Author's comments: The Galois representations attached in the context of Shimura varieties to certain automorphic representations usually correspond---under the correspondence of the "Langlands program"---not to the representation to which they are attached but to some twist of it by a central character. There is no reason---logical or aesthetical---that it should be otherwise. Nevertheless a casual search of the literature will probably reveal that a number of authors were troubled by it and attempted---on their own initiative---to revise the definitions. This has led to a certain amount of confusion. My own feeling is that the parametrization at infinity described in "On the Classification of Irreducible Representations of Real Algebraic Groups", depending as it does on curious properties of one-half the sum of positive roots is a kind of miracle, so that it is rash to tamper with it without very, very good reasons.
Of course, the twist, perhaps not so different from that arising in the theory of perverse sheaves, causes, as that does, annoying mnemonic difficulties. Although I have never made the effort, I suppose they can be overcome by thinking the whole matter through carefully.
The letter, written under hurried circumstances in a hotel room, is not so clear as it might be. Indeed, as written it is downright confusing. What is important to underline is that the representation \(\pi'\) is the one with the right properties at infinity, namely it is associated to representations of the local Weil group that are algebraic on the multiplicative group of the complex numbers, a subgroup of each of the local Weil groups. It also, at least for the group of two-by-two matrices, and presumably in general, at the other local places conforms to the local correspondence of the "Langlands program". On the other hand, \(\pi'\) is different from \(\pi\), the representation yielding the complex cohomology on whose \(\ell\)-adic counterpart \(\sigma\) is realized. (The equality \(\pi'_p=\sigma_p\) is nonsense! What I meant was that the Galois representation \(\sigma_p\) and the local component \(\pi'_p\) of the automorphic representation \(\pi\) correspond.) There is, so far as I can see, no harm in this.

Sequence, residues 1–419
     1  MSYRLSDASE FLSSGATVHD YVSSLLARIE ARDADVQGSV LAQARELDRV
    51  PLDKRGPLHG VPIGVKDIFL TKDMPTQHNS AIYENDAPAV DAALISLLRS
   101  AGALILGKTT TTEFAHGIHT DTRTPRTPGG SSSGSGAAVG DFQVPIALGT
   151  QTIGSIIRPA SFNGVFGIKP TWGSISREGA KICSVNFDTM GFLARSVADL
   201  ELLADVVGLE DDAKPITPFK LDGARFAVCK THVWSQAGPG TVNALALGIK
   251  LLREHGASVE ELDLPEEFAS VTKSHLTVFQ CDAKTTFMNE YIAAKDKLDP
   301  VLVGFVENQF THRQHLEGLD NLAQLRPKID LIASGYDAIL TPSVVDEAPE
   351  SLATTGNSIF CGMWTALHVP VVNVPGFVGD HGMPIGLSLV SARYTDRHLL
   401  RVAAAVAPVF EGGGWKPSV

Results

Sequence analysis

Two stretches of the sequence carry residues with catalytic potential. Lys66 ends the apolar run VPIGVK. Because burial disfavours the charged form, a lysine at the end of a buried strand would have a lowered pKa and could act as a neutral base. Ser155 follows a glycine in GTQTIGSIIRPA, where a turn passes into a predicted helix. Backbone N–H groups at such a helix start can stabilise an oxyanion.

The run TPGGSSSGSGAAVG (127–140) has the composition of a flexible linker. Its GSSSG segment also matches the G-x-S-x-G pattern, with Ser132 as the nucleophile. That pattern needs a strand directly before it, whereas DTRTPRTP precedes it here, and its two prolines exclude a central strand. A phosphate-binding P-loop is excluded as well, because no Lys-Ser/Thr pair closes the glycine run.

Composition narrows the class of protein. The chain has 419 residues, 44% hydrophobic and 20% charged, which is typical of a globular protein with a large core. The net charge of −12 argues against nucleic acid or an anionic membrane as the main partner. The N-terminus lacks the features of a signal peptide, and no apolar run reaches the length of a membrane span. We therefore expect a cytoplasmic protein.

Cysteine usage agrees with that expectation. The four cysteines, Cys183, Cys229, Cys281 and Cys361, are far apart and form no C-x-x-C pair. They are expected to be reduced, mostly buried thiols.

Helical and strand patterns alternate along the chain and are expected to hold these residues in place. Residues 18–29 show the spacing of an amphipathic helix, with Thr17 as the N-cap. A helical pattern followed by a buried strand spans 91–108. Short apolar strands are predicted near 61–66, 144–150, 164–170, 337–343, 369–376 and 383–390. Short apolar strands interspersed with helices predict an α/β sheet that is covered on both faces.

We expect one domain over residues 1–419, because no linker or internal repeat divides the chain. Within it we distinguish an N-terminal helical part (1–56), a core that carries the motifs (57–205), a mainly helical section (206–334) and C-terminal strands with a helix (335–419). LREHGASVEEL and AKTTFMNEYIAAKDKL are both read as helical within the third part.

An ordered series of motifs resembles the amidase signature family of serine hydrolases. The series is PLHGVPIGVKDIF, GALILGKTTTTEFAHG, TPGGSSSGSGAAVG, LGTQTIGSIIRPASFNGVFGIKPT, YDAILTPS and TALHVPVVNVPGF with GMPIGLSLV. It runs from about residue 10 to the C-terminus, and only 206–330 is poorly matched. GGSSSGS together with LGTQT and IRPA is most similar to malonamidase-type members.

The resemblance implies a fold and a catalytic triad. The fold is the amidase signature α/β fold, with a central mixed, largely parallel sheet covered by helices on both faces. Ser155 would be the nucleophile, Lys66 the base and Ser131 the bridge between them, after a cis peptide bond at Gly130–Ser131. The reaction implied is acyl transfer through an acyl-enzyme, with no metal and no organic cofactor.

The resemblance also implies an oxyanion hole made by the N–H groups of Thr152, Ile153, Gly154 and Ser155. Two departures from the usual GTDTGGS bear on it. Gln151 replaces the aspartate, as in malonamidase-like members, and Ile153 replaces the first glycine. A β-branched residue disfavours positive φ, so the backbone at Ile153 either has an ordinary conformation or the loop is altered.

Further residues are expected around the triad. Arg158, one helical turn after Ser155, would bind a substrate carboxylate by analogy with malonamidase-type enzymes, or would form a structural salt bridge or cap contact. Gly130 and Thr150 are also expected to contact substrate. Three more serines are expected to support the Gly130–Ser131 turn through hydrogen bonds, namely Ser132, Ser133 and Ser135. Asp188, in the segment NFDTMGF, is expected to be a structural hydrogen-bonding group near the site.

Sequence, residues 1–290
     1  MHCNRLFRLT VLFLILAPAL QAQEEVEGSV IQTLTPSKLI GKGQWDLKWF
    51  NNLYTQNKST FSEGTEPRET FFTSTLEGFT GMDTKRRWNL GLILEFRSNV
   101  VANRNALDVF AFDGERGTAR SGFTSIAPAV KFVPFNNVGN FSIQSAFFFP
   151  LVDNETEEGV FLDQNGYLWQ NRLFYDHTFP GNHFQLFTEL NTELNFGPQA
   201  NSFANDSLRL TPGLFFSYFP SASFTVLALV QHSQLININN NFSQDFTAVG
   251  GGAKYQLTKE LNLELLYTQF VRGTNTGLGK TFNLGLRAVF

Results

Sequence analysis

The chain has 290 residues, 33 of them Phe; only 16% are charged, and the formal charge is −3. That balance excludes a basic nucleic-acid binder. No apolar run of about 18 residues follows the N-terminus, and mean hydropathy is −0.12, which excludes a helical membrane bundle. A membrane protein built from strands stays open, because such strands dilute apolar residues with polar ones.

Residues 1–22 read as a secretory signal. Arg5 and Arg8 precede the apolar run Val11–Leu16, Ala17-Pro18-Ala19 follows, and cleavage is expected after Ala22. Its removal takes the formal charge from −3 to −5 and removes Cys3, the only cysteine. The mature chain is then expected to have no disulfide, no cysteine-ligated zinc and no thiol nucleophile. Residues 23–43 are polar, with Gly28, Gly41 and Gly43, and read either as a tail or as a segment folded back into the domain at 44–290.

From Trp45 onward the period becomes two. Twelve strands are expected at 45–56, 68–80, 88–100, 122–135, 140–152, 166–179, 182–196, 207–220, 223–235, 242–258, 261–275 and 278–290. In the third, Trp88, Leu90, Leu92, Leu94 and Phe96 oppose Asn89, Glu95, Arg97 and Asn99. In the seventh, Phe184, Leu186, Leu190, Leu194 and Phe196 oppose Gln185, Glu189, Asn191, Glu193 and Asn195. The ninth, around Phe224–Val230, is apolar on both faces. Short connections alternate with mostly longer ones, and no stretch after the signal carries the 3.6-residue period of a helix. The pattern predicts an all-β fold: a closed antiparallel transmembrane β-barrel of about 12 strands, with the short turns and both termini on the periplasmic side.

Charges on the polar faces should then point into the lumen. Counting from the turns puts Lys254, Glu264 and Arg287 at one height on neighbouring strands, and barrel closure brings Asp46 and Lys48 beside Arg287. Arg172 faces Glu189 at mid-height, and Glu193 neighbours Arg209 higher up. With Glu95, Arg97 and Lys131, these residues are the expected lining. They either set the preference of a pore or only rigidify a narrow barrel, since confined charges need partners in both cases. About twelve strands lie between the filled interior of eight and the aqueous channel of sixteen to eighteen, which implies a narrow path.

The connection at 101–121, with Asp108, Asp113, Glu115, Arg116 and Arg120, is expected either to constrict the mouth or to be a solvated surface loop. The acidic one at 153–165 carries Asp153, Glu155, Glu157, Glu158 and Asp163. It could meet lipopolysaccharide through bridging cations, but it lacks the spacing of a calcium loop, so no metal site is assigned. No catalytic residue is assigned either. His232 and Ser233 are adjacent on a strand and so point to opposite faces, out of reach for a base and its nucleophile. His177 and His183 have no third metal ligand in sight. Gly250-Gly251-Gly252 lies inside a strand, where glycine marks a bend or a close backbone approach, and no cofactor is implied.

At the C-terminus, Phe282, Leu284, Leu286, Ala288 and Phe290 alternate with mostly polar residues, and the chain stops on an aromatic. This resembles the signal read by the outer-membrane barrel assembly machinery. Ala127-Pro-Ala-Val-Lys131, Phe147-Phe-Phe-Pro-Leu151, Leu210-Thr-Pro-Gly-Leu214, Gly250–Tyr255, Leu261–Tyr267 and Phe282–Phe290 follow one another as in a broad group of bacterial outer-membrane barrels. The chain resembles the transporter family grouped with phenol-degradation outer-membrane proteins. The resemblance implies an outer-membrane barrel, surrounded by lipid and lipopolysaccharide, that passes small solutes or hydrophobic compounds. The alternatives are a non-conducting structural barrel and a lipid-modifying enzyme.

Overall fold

I have had occasion since writing this note to look at Clozel's paper. It appears in the first volume of the proceedings of the Ann Arbor conference on Automorphic forms, Shimura varieties and L-functions. Clozel is aware of the difference between \(\pi\) and \(\pi'\) but draws different conclusions from this than I do, at least at the moment. I discuss this and related matters in the comments on the 1974 letter to Deligne.